Now Mr. McIlree's friends were rewarded for their constancy and faithfulness. They got a promise that he would be re-installed and that they would be placed under the Monaghan Presbytery. Dr. Steele Dickson's friends were also satisfied by a promise that he would be organised into a new congregation. In 1802 leave was granted to erect a church in the village of Keady and this new congregation was placed under the Presbytery of Tyrone.
He was installed on 4th March 1803 and the church was completed in 1808. Although Steele Dickson approved of the Regium Donum and received full receipt of it during 1780-1790, he was denied it at Keady after his release from prison due to the influence of Robert Black and Lord Castlereagh. Many of his colleagues differed from his political contentions; they found him to be a man who had a genuine philanthropic kindness of heart and ardent desire to promote the progress of moral and intellectual knowledge. All had respect for the purity of his mind, and the profoundness of his researches into the elements of language and the principles of morals.
He had a pastoral charge of Second Keady for 12 years and was obliged, at length, by age and infirmity to retire. Here he lived in that state of pecuniary embarrassment and poverty which events produced. He went to reside in Belfast l8l5~l824 supported by charity. He died on 27th December 1824, in his 79th year and was buried in a pauper's grave in Clifton Street graveyard. The Rev. W. D. McEwen delivered an eloquent address.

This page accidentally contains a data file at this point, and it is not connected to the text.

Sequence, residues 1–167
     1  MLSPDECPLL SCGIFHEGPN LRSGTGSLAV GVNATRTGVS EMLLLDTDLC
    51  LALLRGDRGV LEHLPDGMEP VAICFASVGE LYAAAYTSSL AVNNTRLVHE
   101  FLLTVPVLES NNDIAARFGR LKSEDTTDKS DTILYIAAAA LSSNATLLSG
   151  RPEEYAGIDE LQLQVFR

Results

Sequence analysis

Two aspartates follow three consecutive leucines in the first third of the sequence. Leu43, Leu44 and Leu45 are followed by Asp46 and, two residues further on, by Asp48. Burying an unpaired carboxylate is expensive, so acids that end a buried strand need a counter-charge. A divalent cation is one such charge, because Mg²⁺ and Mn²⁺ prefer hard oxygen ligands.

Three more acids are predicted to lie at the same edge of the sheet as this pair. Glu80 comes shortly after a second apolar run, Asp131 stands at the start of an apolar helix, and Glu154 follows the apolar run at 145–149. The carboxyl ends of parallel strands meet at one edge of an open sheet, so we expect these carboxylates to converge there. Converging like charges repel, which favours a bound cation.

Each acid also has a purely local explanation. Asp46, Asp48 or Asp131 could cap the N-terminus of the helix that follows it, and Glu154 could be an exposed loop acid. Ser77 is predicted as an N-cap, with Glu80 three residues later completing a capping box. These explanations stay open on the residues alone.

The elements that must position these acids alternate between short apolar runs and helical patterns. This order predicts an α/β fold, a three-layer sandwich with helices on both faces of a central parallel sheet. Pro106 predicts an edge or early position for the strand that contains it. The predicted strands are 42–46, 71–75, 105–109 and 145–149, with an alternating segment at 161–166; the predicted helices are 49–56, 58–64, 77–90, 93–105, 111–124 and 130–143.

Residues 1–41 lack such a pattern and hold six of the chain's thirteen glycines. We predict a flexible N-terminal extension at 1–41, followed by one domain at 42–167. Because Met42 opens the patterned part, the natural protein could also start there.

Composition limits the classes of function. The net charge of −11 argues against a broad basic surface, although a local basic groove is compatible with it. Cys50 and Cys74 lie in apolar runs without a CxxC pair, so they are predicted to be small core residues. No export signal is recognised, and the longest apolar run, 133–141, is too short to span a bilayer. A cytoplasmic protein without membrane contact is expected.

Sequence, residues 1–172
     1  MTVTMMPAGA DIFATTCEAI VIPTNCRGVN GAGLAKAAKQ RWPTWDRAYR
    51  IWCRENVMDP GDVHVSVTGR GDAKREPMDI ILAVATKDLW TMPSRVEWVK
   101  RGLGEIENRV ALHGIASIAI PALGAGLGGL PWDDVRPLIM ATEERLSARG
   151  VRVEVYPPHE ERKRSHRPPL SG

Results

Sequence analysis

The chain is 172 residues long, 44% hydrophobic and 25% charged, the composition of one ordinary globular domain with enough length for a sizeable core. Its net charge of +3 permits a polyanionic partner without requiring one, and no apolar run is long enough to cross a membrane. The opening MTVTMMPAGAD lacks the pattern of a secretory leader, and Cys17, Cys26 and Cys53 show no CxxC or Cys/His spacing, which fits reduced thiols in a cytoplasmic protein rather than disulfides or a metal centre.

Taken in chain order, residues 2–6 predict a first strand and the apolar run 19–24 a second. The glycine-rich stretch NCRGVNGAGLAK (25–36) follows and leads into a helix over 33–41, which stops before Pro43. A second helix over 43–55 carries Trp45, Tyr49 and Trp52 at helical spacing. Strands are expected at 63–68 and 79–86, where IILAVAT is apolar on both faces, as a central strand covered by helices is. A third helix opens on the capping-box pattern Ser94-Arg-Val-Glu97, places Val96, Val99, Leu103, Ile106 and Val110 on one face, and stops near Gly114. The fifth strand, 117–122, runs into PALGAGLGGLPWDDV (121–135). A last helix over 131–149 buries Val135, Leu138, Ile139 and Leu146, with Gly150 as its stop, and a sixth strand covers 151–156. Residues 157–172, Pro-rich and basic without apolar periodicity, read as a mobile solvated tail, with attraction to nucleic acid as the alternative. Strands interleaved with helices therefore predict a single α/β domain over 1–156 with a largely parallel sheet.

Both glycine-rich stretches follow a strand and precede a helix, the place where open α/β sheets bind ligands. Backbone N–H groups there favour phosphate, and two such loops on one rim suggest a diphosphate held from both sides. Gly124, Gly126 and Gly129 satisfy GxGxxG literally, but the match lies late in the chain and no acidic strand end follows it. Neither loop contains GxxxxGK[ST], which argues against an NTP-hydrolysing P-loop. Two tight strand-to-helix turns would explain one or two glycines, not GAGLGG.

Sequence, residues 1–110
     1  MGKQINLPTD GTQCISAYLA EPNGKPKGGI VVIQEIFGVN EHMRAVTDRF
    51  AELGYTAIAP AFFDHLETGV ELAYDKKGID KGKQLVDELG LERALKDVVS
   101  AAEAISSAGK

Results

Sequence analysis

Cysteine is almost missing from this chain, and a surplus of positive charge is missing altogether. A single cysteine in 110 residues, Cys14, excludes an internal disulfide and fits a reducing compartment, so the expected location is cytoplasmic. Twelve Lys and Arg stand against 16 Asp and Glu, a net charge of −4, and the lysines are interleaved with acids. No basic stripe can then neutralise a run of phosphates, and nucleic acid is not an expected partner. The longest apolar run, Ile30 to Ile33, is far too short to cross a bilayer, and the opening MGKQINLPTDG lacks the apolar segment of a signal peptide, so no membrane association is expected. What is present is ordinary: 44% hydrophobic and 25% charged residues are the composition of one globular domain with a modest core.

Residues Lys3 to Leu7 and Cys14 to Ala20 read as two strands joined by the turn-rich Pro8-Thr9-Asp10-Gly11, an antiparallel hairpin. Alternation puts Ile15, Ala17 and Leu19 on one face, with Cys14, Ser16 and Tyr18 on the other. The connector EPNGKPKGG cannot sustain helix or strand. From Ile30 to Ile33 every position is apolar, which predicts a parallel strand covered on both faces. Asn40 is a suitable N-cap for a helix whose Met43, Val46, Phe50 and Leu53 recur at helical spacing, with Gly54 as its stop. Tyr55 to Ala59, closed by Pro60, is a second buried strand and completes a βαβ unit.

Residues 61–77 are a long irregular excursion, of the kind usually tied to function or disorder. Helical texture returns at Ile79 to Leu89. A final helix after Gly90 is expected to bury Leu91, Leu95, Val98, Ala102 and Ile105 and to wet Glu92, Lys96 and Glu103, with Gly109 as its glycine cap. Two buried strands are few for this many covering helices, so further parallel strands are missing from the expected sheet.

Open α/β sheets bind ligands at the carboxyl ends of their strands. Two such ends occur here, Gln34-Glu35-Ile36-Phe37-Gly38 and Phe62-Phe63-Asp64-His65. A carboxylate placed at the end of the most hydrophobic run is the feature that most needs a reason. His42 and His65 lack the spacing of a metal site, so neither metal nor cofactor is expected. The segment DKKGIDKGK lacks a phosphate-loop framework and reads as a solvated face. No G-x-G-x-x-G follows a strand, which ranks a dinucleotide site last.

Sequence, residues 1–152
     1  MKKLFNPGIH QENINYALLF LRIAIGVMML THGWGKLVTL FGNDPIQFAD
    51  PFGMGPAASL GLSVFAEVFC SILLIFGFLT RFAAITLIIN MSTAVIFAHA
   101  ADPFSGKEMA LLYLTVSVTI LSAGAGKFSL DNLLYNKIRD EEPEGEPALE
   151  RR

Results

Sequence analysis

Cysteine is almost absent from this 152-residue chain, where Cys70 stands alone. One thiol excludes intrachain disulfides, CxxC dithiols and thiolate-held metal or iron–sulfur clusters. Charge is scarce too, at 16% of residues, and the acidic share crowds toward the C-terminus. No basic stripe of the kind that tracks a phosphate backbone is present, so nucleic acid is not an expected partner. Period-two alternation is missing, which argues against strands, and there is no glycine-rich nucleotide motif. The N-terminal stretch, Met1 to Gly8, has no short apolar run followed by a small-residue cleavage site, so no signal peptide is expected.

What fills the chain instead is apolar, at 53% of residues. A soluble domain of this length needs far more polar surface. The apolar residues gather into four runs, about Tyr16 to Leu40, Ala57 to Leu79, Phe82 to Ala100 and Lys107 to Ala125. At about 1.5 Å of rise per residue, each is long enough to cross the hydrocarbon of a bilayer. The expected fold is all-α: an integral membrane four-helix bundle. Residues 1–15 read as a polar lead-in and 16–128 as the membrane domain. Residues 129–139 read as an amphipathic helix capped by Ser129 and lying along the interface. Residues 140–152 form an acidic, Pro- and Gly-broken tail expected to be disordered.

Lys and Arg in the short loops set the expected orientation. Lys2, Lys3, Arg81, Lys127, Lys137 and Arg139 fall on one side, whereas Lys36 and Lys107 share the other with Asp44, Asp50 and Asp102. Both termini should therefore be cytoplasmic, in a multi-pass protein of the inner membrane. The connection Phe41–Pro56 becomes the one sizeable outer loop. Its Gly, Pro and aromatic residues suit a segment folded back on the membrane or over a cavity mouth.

Rev Dr William Steel Dickson D.D.
The second Minister was Rev. Joseph Jenkins. He was licensed in Armagh 1814 and was ordained on March 1816. In 1827 he was one of those who protested against the action of the Synod calling upon members to declare their belief in the Trinity. During his ministry the National system was established in 1831. The Presbyterians were opposed to the system. They fought a vigorous campaign to have the regulations changed to suit them. This campaign was successful in 1840. The date of the Presbyterian National School beside 2nd Keady Church is 1841. In 1926 when the school was closed, Mr. Anderson, B.A., and his wife, formerly Miss Manseed transferred to Keady Parish School. They retired in 1938; Rev. Jenkins retired on 2nd May 1854 and died on 30th August 1862.
He was followed by Rev. George Steen, licensed by the Free Church of Scotland who was received by Belfast Presbytery and ordained in Keady on the 9th November 1854. Somewhere between 1854-57 the present church was built, also the manse in 1859. The church cost £800 less 4 pence. The present manse was built circa 1859.